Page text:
For example, a researcher might ask: “How do the study habits of college freshmen compare to the study habits of college seniors?” In order to answer this, the researcher would need to gather information about both college freshmen and college seniors in order to draw conclusions. 

Remember: you need to create quantitative survey questions in a way that allows them to be translated into numerical data. This means that you will need specific, numerical answers to each question. 

Quantitative questions frequently ask “how” or “what.” For example:

  • What is/are…?
  • How many…?
  • How often…?
  • What percentage…?

Below we provide some example questions that a researcher might ask in order to understand how study habits change throughout the course of a college education. For the purpose of this exercise, assume that the researcher has used pre-screening questions to sort the respondents into two groups – college freshman and college seniors who are attending a 4-year university for the first time. 

Establish Demographics

In order to understand how demographic factors influence responses, you will need to gather some basic demographic information:

  • What is your age? [Dropdown]
  • What is your gender? [Multiple choice]
  • How many years have you attended this college? [Dropdown]
  • How many people in your immediate family (parents and siblings) have attended college? [Multiple choice]
  • What is the highest level of education attained by either of your parents? [Multiple choice]

Understand Study Habits

The next part of your survey will focus on gathering data that you can use to describe the study habits of these two groups.

  • How many hours per day do you study? [Multiple choice answer]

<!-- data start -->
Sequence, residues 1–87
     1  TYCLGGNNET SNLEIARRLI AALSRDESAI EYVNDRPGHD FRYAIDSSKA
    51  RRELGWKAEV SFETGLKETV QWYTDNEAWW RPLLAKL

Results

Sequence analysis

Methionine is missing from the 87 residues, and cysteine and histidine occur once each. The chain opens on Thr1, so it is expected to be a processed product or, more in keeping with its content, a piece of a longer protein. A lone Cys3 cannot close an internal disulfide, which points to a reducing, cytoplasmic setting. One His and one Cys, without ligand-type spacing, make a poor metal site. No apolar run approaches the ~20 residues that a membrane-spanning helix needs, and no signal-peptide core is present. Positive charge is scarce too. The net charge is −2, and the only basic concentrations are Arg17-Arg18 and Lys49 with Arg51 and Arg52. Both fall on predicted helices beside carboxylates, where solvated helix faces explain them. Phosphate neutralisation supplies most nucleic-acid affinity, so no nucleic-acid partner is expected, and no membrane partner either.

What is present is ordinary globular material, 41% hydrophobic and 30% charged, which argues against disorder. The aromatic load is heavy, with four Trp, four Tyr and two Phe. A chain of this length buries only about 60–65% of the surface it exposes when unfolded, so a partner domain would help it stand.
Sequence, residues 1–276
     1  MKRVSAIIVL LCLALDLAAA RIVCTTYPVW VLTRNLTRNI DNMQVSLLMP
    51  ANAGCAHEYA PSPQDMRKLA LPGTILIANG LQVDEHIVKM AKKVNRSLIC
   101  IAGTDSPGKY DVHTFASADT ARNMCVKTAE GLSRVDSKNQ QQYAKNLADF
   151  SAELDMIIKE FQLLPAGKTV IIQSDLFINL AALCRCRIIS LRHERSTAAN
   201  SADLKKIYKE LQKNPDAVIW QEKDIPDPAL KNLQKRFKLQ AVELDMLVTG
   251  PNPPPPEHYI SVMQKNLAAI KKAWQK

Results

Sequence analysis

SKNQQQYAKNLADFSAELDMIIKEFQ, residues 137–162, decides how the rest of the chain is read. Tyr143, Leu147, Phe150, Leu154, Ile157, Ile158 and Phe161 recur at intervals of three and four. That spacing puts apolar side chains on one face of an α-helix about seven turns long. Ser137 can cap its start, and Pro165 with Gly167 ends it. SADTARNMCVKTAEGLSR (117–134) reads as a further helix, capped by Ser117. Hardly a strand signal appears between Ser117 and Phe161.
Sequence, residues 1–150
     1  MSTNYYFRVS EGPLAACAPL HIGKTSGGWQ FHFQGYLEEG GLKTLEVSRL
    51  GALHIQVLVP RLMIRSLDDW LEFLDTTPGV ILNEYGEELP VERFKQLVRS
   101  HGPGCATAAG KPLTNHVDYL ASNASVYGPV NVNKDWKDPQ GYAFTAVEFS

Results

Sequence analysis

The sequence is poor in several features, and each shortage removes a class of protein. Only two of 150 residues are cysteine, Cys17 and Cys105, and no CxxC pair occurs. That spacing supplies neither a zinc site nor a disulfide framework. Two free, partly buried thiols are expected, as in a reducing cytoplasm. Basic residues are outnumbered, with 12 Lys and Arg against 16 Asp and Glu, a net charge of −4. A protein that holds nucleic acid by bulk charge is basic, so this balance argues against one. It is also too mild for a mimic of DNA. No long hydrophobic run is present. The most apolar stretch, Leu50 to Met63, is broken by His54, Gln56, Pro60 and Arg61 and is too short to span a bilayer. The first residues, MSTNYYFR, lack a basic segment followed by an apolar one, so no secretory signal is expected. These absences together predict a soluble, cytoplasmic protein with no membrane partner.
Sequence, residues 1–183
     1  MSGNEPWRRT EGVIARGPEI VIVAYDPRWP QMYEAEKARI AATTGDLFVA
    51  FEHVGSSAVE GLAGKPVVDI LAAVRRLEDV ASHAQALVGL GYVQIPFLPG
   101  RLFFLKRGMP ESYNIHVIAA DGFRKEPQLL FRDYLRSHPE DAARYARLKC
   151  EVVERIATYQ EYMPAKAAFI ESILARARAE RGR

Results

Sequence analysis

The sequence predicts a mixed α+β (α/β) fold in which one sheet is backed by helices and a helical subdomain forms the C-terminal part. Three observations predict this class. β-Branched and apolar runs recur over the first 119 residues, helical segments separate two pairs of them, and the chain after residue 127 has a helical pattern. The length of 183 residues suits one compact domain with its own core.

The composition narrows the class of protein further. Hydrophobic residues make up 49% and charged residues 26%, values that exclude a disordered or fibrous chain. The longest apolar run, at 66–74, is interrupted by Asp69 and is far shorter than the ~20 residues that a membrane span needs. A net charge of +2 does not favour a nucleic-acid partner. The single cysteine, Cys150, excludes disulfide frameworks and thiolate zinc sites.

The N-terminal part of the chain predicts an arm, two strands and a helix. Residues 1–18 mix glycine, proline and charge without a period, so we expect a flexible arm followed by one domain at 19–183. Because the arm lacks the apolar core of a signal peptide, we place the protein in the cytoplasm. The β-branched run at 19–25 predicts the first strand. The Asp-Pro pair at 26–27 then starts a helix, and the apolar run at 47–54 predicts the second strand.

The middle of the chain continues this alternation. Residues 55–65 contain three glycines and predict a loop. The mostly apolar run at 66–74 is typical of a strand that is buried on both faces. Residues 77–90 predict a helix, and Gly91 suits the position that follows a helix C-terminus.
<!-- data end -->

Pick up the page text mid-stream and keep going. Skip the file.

• How often do you attend a study group? [Multiple choice answer]
  • How likely are you to join a study group for a class that you struggle with? [Multiple choice]
  • How many study groups are you currently a member of? [Multiple choice]
  • Which of the following study tools do you use and how often? [Matrix]
  • How do you rate the following study tools? [Matrix]

Deeper Questions

Despite their objective nature, quantitative survey questions can help you understand how your respondents feel about their experiences, that is, it helps you quantify their feelings Here are some ways you can use quantitative questions to gain deeper insights:

  • Please select how much you agree or disagree with the following statement: My current study habits are effective. [Likert scale]
  • Please select how much you agree or disagree with the following statement: I know which study tools and methods are appropriate for each of the courses I’m taking [Likert scale]
  • Please select how much you agree or disagree with the following statement: I think that I study more than other students in my year. [Likert scale]

Once you have your survey responses, you can begin to analyze the data. After this, you should have a general idea of the landscape of freshman and senior habits. This data can help you create a research report or lead to further surveys to further explore or better understand your findings.

Power Your Quantitative Survey with the Right Questions

Quantitative survey questions can power your research project by helping you gather and analyze large amounts of data with relative ease. This data can help you establish a good understanding of your subject matter and establish objectives for future research efforts. For this reason, most researchers include a large percentage of quantitative survey questions in their surveys. 

Many surveys contain a mix of quantitative and qualitative questions, with quantitative questions forming the bulk of the survey. This is helpful because quantitative questions allow researchers to easily analyze and define findings, while qualitative questions can reveal deeper insights, contextual information, and unexpected findings.

Gain further insights by pairing some of your quantitative survey questions with a few, carefully chosen qualitative questions. By pairing questions in this way, you get the best of both worlds – numerical data that is ready for analysis and the potential for new discoveries by way of personalized responses.